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As Thomas Friedman points out, just doing your job in an average way — in this integrated and automated global economy — will lead to below-average wages. Sadly, average is over. We’re in the age of “extra,” and everyone has to figure out what extra they can add to their work to justify being paid more than a computer, a Chinese worker or a day laborer. “People will always need haircuts and health care,” says Katz, “and you can do that with low-wage labor or with people who acquire a lot of skills and pride and bring their imagination to do creative and customized things.” Their work will be more meaningful and their customers more satisfied.
Innovation, creativity, lifelong learning, passion, entrepreneurship, personal mastery — these are the qualifications our children are going to need in order to do well in the 21st century.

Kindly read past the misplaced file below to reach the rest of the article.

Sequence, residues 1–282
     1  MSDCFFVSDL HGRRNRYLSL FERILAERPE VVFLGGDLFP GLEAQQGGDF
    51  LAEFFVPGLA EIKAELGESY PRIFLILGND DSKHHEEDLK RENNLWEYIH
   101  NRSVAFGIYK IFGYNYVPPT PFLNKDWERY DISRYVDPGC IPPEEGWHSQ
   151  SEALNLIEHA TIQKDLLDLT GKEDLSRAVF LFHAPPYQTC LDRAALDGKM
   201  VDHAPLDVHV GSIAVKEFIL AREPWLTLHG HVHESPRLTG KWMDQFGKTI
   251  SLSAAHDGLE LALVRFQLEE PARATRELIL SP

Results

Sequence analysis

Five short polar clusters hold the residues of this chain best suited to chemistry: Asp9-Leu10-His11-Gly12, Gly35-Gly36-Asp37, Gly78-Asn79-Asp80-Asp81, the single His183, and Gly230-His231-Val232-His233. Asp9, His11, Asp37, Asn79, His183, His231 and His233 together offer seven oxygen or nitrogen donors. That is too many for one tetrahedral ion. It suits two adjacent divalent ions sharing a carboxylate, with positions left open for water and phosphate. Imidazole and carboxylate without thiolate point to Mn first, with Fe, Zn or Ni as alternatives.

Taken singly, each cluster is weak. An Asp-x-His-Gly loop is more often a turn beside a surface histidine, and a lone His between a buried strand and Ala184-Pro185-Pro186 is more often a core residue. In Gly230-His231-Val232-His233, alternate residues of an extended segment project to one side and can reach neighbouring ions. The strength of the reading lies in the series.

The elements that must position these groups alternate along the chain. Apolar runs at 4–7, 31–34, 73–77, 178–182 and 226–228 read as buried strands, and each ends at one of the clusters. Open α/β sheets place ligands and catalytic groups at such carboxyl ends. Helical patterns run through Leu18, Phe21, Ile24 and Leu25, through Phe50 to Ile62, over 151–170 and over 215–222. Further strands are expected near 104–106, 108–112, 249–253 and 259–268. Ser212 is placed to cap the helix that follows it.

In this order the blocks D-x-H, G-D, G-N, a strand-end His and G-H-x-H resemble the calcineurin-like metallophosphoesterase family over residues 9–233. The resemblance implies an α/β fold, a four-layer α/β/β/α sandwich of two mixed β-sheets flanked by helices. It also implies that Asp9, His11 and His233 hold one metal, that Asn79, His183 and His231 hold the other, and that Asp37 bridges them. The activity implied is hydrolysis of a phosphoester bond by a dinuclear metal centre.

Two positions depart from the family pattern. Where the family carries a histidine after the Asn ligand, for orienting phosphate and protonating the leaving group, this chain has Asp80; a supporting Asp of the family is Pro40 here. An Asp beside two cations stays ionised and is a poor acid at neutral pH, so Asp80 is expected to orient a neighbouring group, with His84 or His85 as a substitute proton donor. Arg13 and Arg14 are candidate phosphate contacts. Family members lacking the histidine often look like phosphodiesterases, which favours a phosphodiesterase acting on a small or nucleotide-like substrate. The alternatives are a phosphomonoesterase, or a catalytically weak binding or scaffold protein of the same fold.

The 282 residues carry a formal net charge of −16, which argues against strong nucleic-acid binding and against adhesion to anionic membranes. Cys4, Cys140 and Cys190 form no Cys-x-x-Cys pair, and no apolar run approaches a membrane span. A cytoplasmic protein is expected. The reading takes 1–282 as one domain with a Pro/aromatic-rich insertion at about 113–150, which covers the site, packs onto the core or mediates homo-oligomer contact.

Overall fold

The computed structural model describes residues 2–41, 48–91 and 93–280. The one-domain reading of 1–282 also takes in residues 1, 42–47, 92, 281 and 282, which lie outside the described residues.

They’re the qualifications we’re all going to need. And at the end of the day, these traits come down to one, seemingly un-business-like thing: love. True, lasting success is increasingly going to be measured by our ability to love our work, to love learning, and to love the people we serve.
Do you really care about your work? And will your children? Because if they don’t care, they’re going to do an average job. And average just won’t do.
At one level, our society already gets this, as witnessed by the ever-increasing pressure being placed on kids to do whatever it takes to succeed. (Get better grades! Better scores! Better hobbies! Now!)
But even more important than what we achieve is why we achieve it. When we do things because we “should,” because we want others’ approval, or just because we want the money, sooner or later things fall apart. (Exhibit A: The financial crisis. Exhibit B: Britney Spears.)
So how can we help our children find and follow their callings, instead of just training for a career? How can we tap in to our own passions, and find ways to do what we love that also pay the bills? How can we evolve our educational systems so they better honor the whole person? And how can we learn how to do business in a new, different, more loving way?
I’d love to hear your thoughts on these important questions.
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